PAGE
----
Frequently asked questions for bereaved people in Northern Ireland
What should I do if a relative dies at home?
When a death which has been expected occurs at home or at a nursing home, the doctor who has been treating the deceased should be contacted. Provided the deceased has seen a the doctor during their final illness (within the previous 28 days) the doctor or a colleague will either attend to confirm that death has occurred, or will give permission for the deceased to be transferred to a funeral firm’s premises, if it is your wish for this to happen. You can then contact the funeral firm of your choice, which will attend to transfer the deceased to its premises.
What should I do if a relative dies in Hospital?
If a relative who has been a hospital in-patient dies, the doctors who have been treating the deceased will usually be able to issue the Medical Certificate of Cause of Death.
Ask the ward staff or doctor what you need to do to collect this certificate, or ring your local funeral firm for advice and contact numbers. Most hospitals will give family members the opportunity to sit with the deceased before transfer from the ward or private room. There may even be a chapel of rest at the hospital specifically for this purpose. The deceased will then be taken to the mortuary from where they will be collected by your chosen funeral firm.
The Doctor says he won’t issue the Medical Certificate of Cause of Death. Why is this?
If the doctor will not issue a Medical Certificate of Cause of Death it is usually because the circumstances surrounding the death mean it should be referred to the Coroners Service for Northern Ireland for further investigation.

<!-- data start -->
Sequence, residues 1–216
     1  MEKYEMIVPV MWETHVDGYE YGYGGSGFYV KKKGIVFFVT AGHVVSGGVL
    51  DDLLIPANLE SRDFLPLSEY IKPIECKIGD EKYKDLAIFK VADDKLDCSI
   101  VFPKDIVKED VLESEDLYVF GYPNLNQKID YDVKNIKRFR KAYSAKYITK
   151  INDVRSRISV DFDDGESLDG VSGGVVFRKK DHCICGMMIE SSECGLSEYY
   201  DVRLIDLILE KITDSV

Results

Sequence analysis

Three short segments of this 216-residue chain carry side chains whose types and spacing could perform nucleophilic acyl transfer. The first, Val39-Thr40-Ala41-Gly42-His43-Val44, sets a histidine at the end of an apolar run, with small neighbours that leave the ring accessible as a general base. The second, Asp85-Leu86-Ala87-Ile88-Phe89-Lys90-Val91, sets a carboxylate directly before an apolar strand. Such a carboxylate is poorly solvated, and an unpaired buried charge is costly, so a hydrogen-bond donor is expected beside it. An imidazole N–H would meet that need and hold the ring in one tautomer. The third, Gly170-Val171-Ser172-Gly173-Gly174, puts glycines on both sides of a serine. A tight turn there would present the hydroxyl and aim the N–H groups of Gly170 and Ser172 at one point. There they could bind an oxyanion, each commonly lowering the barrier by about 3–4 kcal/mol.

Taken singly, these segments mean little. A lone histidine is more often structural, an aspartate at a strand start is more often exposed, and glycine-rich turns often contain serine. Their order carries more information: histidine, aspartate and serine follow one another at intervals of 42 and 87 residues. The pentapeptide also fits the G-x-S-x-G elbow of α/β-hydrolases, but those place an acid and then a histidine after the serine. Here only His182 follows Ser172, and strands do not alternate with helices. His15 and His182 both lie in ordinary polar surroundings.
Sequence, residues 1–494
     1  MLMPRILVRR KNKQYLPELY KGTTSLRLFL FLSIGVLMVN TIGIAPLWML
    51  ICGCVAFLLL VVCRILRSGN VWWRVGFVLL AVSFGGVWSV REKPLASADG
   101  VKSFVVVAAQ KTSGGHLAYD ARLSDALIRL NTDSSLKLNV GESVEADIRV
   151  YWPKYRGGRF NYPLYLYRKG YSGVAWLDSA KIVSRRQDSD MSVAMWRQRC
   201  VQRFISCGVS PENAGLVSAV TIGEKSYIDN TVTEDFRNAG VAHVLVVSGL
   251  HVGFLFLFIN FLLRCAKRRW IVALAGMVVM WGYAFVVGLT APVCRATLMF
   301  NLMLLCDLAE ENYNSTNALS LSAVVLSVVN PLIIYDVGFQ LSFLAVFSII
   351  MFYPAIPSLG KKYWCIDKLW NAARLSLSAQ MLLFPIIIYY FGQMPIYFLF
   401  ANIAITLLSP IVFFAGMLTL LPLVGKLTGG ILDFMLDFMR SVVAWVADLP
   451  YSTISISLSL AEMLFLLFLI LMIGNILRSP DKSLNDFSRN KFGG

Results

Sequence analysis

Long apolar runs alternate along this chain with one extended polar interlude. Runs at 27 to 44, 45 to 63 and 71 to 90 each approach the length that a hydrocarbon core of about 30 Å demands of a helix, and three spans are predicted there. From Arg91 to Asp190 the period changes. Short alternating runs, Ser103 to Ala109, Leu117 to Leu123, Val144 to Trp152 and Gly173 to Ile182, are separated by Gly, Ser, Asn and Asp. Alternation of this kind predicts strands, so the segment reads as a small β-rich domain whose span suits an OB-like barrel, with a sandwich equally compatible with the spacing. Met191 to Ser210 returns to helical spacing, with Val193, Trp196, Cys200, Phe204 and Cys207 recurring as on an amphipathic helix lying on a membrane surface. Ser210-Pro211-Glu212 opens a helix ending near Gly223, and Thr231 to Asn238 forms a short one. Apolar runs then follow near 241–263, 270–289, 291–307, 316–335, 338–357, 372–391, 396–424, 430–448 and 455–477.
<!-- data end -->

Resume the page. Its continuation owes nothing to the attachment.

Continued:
The doctor can only complete the Medical Certificate of Cause of Death if they know the cause of death having seen the deceased for this illness in the 28 days prior to death occurring.
The doctor cannot issue the Medical Certificate of Cause of Death if the deceased:-
- Has died a violent or an unnatural death;
- Has died a sudden death of which the cause is unknown;
- Has died in prison or in such a place or in such circumstances as to require an inquest under any other Act.
- If the death does not fall into these criteria but the deceased underwent an operation shortly before death or there is a suggestion of a possible industrial disease, then it is probable that the doctor will not complete the Medical Certificate of Cause of Death but refer the death to the Coroner.
- If the death is referred to the Coroner their office will arrange for the deceased to be taken to their mortuary in order that the death can be investigated and, if necessary, an inquest opened.
What does the Coroner do?
As independent judicial officers, Coroners in Northern Ireland deal with matters relating to deaths that may require further investigation to establish the cause of death. The Coroner can either be a barrister or solicitor and is appointed by the Lord Chancellor.
The Coroner is tasked with investigating deaths that are:
- unexpected or unexplained
- as a result of violence;
- an accident;
- as a result of negligence;
- from any cause other than natural illness or disease; or
- in circumstances that require investigation.
Your local funeral firm will be familiar with Coroner’s procedures in your area and will be able to advise you how to proceed.
Why do GPs charge for cremation forms?
A deceased person cannot be cremated until the cause of death has been ascertained and properly recorded. The cause of death must then be verified by a second doctor, entirely independent of the first.
Two certificates need to be signed before a cremation can take place. The first form is by the GP of the deceased and the second by another doctor. Cremation Form B must be completed by the registered medical practitioner who attended the deceased during their last illness. Form C must be completed by a registered medical practitioner who is neither a partner nor a relative of the doctor who completed Form B.